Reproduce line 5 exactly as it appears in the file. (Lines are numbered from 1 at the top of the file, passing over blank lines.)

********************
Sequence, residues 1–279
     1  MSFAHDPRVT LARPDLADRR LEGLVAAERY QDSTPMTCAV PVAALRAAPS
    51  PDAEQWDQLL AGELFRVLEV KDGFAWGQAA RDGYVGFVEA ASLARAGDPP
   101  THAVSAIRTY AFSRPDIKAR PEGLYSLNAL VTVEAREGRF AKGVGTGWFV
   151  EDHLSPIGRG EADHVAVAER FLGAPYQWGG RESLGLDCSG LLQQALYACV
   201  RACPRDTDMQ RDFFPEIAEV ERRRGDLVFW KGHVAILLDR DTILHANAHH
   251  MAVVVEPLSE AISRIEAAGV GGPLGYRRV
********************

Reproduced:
   151  EDHLSPIGRG EADHVAVAER FLGAPYQWGG RESLGLDCSG LLQQALYACV